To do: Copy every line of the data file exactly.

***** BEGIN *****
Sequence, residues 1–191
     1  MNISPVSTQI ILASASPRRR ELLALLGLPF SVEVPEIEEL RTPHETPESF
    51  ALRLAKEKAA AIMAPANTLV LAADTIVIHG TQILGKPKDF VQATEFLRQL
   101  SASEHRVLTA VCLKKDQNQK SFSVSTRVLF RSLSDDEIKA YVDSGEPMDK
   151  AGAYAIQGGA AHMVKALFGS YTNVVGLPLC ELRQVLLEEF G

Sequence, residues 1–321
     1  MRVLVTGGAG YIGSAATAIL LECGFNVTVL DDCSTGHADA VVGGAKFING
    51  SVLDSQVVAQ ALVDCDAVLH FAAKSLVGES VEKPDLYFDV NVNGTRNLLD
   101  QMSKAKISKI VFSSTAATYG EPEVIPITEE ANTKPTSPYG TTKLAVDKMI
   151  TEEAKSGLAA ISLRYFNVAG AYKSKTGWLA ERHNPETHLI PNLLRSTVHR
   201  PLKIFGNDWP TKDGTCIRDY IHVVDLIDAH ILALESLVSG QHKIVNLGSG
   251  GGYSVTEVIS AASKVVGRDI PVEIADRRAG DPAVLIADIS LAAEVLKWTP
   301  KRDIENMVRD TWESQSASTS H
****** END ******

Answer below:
Sequence, residues 1–191
     1  MNISPVSTQI ILASASPRRR ELLALLGLPF SVEVPEIEEL RTPHETPESF
    51  ALRLAKEKAA AIMAPANTLV LAADTIVIHG TQILGKPKDF VQATEFLRQL
   101  SASEHRVLTA VCLKKDQNQK SFSVSTRVLF RSLSDDEIKA YVDSGEPMDK
   151  AGAYAIQGGA AHMVKALFGS YTNVVGLPLC ELRQVLLEEF G

Sequence, residues 1–321
     1  MRVLVTGGAG YIGSAATAIL LECGFNVTVL DDCSTGHADA VVGGAKFING
    51  SVLDSQVVAQ ALVDCDAVLH FAAKSLVGES VEKPDLYFDV NVNGTRNLLD
   101  QMSKAKISKI VFSSTAATYG EPEVIPITEE ANTKPTSPYG TTKLAVDKMI
   151  TEEAKSGLAA ISLRYFNVAG AYKSKTGWLA ERHNPETHLI PNLLRSTVHR
   201  PLKIFGNDWP TKDGTCIRDY IHVVDLIDAH ILALESLVSG QHKIVNLGSG
   251  GGYSVTEVIS AASKVVGRDI PVEIADRRAG DPAVLIADIS LAAEVLKWTP
   301  KRDIENMVRD TWESQSASTS H